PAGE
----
• The SYN grandchild primary site has two secondary sites in Melbourne and Brisbane: MEL, BRI.

    • The HEL grandchild primary site has no secondary sites.

This hierarchy is shown in the following illustration.

ConfigMgr Hierarchy Used with Scenarios

Roaming From the Client's Assigned Primary Site Down the Hierarchy to Another Primary Site

A user whose laptop is assigned to the Houston site, visits Sydney. The laptop is connected to the network and gets an IP address that falls within one of the boundaries configured for the child site, SYD.

This scenario is depicted in the following illustration.

Roaming Down the Hierarchy to Primary Site

Global Roaming Capability

When the laptop connects to the network in Sydney, the Configuration Manager client compares its current IP address, IP subnet, and Active Directory site with the list of boundaries defined for each site in Active Directory Domain Services. It finds a match for the Sydney site (SYD) and then looks for the default management point in the Sydney site. This then becomes the client's resident management point while roaming and it contacts it only when it needs content, never to download policy or send inventory information and status messages. It continues to communicate with its own default management point in Houston (HOU) for these operations.

The resident management point in Sydney returns to the roaming client a list of distribution points in the Sydney site (SYD).

If the content doesn't exist in the Sydney site, the client falls back to asking its default management point in Houston for distribution points so that it can download source packages from its assigned site in Houston (HOU).

Regional Roaming Capability

When the laptop connects to the network in Sydney, the Configuration Manager client contacts its default management point in Houston (HOU) and asks it for distribution points that are closest to its current IP address (and Active Directory site if it has one) and that host the content it needs.

The default management point in Houston provides the client with a list of distribution points in Sydney (SYD) if the content is hosted there. If the content is not hosted in Sydney, the default management point provides the client with a list of distribution points from the Houston site (HOU).

Roaming Behavior Summary

The following table summarizes the client behavior in this scenario.

 

Roaming Capability Communication with Management Points Download Content Locally

Global Roaming

Default Management Point: HOU site

Resident Management Point: SYD site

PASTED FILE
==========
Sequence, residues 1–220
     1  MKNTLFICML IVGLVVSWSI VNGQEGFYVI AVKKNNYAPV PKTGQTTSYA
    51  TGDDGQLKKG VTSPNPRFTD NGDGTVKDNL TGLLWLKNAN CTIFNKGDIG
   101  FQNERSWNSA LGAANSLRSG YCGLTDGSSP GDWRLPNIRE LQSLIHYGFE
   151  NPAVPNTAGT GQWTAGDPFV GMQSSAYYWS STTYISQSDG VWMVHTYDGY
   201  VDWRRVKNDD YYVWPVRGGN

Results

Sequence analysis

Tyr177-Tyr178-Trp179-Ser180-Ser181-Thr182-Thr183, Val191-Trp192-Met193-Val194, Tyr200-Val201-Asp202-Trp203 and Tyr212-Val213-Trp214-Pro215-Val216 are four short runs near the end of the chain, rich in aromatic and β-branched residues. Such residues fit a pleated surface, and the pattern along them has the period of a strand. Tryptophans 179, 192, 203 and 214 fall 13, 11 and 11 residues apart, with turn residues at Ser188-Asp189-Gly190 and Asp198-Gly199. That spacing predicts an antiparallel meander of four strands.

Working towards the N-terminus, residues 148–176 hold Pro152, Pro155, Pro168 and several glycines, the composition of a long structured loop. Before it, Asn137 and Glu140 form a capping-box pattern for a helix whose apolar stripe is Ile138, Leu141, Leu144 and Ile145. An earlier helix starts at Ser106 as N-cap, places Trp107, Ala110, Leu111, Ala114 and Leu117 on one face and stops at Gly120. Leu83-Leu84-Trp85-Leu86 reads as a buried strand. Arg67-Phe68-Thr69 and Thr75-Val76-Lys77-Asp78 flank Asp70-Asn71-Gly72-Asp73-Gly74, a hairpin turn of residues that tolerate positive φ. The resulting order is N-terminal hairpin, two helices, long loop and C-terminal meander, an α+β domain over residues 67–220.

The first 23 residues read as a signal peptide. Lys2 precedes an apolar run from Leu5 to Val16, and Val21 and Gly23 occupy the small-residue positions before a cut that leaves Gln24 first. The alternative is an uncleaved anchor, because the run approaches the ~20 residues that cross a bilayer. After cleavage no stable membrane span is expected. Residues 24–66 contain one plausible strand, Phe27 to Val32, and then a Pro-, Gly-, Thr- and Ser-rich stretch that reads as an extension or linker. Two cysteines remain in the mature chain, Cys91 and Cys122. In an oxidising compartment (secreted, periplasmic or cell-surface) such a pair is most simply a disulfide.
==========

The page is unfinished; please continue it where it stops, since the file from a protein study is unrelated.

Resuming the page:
Yes

Regional Roaming

Default Management Point: HOU site

Yes

Similar Roaming Behavior

The same behavior would be seen in the following roaming scenarios:

  • From Toronto (TOR) to Houston (HOU)

  • From Toronto (TOR) to Sydney (SYD)

  • From Toronto (TOR) to Shanghai (SHA)

  • From London (LON) to Helsinki (HEL)

Roaming From the Client's Assigned Primary Site Across the Hierarchy to Another Primary Site

A user whose laptop is assigned to the Houston site, visits London. The laptop is connected to the network and gets an IP address that falls within one of the boundaries configured for the London primary site, LON.

This scenario is depicted in the following illustration.

Roaming to Sibling Site

Global Roaming Capability

When the laptop connects to the network in London, the Configuration Manager client compares its current IP address, IP subnet, and Active Directory site with the list of boundaries defined for each site in Active Directory Domain Services. It finds a match for the London site (LON) and then looks for the default management point in the London site. This then becomes the client's resident management point while roaming and it contacts it only when it needs content, never to download policy or send inventory information and status messages. It continues to communicate with its own default management point in Houston (HOU) for these operations.

The resident management point in London returns to the roaming client a list of distribution points in the London site (LON).

If the content doesn't exist in the London site, the client falls back to asking its default management point in Houston for distribution points so that it can download source packages from its assigned site in Houston (HOU).

Regional Roaming Capability

When the laptop connects to the network in London, the Configuration Manager client contacts its default management point in Houston (HOU) and asks it for distribution points that are closest to its current IP address (and Active Directory site if it has one) and that host the content it needs.

The default management point in Houston has no knowledge of the distribution points in London, so downloading content locally is not possible. Instead, the client's default management point provides the client with a list of distribution points from the Houston site (HOU).